We know very well how the involved photons transfer their energy to the ion and the photoelectron during multi-photon ionization of an atom. However, our understanding of how the photon linear momentum is transferred is still incomplete. Physicists of ETH Zürich have now measured the transfer of linear momentum along the laser pulse propagation direction.
The interaction of light and matter is one of the most important interactions in the atomic world that forms the basis of many technologies. One of the most famous examples in this field is the photoelectric effect. In this phenomenon, the electron emits when the material is exposed to appropriate light. In such interactions, not only the transfer of energy but also the transfer of linear momentum from photons to electrons is important.
Despite the fundamental importance of momentum transfer, its details are not yet fully understood. One reason is the high speed of this phenomenon. In fact, most of the information available is related to the time-average behavior of linear momentum transfer during photoionisation. Now the researchers have used an approach called attoclock to address this problem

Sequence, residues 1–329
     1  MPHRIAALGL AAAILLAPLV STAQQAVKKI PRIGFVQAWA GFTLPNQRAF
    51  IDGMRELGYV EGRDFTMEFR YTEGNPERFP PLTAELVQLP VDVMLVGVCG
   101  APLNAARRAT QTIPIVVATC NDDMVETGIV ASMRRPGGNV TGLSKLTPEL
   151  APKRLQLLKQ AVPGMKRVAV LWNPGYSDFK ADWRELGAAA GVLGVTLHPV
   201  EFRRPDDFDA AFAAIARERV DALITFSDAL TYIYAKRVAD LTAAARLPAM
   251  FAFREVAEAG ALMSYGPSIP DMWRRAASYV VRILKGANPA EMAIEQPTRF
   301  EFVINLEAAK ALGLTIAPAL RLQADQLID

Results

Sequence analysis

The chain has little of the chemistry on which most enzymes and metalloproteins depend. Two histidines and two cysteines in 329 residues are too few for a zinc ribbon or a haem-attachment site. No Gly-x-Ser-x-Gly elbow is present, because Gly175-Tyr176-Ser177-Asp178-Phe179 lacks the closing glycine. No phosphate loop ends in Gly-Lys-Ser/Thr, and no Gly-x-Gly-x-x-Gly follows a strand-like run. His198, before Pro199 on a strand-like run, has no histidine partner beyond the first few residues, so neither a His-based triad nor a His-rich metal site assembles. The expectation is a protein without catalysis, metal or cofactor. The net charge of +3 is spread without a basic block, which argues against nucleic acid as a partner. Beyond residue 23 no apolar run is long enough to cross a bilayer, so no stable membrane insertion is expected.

Using the Atoclock technique, they showed that the transfer of linear momentum to the photoelectron depends on the ionization time within the laser cycle. Interestingly, the researchers were able to explain the measured linear momentum transfer within a classical model for a free electron in a laser field. This is while, many light-matter interaction schemes, such as the Compton effect, can only be expressed within a quantum model. However, due to the parent-ion interaction, some corrections are needed. By all accounts, this research opens up an exciting path to discovering the fundamental nature of light-matter interaction.